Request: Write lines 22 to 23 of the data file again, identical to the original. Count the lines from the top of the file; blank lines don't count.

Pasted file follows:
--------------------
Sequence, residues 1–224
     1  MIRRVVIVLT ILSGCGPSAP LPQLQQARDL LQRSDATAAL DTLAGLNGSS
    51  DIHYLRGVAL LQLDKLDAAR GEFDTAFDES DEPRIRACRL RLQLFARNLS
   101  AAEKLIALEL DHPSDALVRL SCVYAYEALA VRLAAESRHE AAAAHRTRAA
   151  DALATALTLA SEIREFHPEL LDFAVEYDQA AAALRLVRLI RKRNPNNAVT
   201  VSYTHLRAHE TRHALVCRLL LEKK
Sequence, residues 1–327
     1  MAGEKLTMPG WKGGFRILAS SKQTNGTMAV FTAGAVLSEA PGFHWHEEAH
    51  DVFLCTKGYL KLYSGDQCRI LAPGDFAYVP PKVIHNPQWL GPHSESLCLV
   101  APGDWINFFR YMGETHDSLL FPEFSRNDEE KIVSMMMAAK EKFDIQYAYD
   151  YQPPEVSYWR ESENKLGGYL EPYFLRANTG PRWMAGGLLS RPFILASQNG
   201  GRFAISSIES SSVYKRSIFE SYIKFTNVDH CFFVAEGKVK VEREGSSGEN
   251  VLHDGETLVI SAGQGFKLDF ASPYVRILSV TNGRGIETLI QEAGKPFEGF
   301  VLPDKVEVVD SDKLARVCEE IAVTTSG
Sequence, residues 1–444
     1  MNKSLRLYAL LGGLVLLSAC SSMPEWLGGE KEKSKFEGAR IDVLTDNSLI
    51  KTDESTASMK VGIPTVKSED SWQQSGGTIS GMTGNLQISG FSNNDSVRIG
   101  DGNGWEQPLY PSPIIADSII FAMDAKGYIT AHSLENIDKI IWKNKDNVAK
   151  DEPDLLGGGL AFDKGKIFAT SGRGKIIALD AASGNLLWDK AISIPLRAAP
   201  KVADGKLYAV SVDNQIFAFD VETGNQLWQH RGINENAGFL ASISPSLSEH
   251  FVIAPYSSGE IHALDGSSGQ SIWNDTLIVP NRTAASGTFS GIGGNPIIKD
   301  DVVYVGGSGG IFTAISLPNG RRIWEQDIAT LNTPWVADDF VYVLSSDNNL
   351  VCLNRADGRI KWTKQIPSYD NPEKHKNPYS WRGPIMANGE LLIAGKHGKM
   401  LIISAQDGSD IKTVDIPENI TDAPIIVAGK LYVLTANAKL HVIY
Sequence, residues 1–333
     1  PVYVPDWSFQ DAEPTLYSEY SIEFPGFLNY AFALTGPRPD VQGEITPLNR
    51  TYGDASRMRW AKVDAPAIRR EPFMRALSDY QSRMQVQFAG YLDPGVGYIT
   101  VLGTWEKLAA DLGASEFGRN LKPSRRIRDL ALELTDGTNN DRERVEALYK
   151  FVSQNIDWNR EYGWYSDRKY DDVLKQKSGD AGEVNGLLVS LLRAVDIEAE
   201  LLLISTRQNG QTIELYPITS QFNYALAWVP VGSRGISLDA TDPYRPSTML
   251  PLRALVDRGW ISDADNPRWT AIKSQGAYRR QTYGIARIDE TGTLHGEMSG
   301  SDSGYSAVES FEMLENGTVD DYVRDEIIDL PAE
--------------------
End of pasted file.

   301  DVVYVGGSGG IFTAISLPNG RRIWEQDIAT LNTPWVADDF VYVLSSDNNL
   351  VCLNRADGRI KWTKQIPSYD NPEKHKNPYS WRGPIMANGE LLIAGKHGKM